Congressmen are worried that the party is facing humiliations repeatedly in assembly and Lok Sabha polls. Its fate, they fear, could soon be sealed if it remained sort of rudderless. In Maharashtra, which was one of its strongholds, the party came fourth in the assembly polls a year ago, a scenario which saw the BJP, the Shiv Sena, the NCP of Sharad Pawar coming upfront, and Congress becoming junior partners in the Sena-NCP-Congress government. In Haryana too, the party remained in the Opposition benches after the assembly polls even as BJP chief minister Manoharlal Khattar’s performance was lack-lustre. Rahul Gandhi had walked away from President post soon after the Lok Sabha polls, in which the party got a drubbing even as led the campaign against Prime Minister Modi and the BJP.

Azad noted: “Both Sonia Gandhi and Rahul Gandhi said that party elections should be held in October. But we said that the elections should be held after six months due to Covid-19.” Azad didn’t blame Sonia or Rahul Gandhi for the setback. But his criticism of the selection process of office-bearers for the party, according to some party insiders, is a veiled protest against the current system. Azad was among a few leaders who took courage in their hands a while ago and wrote a letter to the leadership to hold organizational elections soonest. The Family sensed danger and cold-shouldered these leaders in the new round of positions-distribution at AICC level.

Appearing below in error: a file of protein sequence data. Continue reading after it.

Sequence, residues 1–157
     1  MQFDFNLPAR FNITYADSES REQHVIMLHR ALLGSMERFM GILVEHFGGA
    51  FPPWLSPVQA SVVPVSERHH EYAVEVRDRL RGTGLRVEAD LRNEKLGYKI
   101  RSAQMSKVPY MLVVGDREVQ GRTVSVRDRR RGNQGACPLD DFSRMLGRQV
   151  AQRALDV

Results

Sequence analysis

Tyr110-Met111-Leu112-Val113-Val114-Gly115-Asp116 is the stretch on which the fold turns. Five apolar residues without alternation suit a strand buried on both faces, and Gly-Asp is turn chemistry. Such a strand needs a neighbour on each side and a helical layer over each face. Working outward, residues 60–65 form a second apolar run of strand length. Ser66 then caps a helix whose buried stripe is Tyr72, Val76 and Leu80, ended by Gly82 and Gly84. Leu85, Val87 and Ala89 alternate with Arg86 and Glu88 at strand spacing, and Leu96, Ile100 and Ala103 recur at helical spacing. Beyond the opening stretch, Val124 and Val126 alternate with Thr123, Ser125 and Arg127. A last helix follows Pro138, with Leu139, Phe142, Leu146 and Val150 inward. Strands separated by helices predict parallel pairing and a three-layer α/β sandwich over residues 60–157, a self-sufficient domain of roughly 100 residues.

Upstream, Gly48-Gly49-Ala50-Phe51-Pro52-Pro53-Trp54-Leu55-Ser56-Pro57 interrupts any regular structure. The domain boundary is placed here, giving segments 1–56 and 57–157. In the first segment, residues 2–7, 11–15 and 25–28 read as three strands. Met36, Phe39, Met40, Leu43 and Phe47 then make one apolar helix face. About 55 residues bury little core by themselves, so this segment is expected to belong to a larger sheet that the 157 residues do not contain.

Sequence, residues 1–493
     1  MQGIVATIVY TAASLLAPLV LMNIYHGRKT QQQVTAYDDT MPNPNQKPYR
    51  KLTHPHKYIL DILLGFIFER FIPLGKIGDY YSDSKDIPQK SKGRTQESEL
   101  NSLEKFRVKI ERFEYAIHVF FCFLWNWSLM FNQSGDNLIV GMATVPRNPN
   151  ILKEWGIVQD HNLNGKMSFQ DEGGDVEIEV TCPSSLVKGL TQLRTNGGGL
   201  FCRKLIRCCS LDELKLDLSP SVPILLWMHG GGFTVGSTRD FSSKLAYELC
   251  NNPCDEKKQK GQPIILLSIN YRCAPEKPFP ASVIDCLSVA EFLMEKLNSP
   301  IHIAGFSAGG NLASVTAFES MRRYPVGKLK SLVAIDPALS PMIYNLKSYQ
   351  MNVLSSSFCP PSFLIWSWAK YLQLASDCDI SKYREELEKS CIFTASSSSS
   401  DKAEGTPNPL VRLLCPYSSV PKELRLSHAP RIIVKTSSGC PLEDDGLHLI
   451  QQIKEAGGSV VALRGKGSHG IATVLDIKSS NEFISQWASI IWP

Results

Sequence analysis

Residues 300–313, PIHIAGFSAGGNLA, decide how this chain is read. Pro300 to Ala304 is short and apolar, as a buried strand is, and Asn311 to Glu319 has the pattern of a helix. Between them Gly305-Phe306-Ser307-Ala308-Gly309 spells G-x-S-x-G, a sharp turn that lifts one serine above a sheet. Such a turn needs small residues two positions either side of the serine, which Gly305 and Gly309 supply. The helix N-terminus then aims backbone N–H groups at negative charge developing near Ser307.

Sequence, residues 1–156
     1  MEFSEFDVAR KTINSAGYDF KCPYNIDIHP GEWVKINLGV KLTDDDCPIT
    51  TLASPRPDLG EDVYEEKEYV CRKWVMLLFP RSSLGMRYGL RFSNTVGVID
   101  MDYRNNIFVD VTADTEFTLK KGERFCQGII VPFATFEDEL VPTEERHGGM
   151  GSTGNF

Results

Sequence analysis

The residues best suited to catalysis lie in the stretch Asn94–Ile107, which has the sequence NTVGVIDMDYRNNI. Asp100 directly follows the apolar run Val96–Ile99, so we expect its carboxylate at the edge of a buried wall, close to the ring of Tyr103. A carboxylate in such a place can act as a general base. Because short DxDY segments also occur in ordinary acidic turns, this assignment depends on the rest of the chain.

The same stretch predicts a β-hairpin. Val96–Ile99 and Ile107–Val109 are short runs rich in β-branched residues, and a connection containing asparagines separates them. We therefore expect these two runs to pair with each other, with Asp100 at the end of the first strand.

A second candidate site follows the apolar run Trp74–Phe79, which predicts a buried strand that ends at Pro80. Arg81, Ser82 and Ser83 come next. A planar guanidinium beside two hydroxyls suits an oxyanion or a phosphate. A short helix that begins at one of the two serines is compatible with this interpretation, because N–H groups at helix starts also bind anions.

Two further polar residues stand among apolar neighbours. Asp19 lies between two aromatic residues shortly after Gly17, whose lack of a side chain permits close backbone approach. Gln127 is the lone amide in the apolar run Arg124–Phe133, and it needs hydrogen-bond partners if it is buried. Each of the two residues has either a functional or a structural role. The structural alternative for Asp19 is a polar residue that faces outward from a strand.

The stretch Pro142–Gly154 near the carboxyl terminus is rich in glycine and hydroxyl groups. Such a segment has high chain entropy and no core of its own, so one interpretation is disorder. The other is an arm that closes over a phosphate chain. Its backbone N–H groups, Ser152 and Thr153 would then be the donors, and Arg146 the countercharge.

The situation in the Congress is “not good”, Azad said, but he argued that “making it good is in our hands”. He admitted that “our leaders have lost connection with people on the ground.” The only solution for the party’s revival, he said, is organisational election from booth-level upwards. Azad said  the pandemic has “derailed” attempts to reform the organization but argued “as and when we have a clear window,” the leadership should push reforms to strengthen the party.

“The defeat in Bihar and the by-elections is a matter of great concern for the party. And for this, I don’t blame the national leadership. We will not improve our position in any state unless we have the block-level, district-level and PCC-level elections, which has been our demand from Day One. By demanding this, we are strengthening the hands of the leadership and the party,” Azad said.

Azad said  he had been forced to go public with his views as “there has been no dialogue and there seems to be no effort for a dialogue by the leadership”.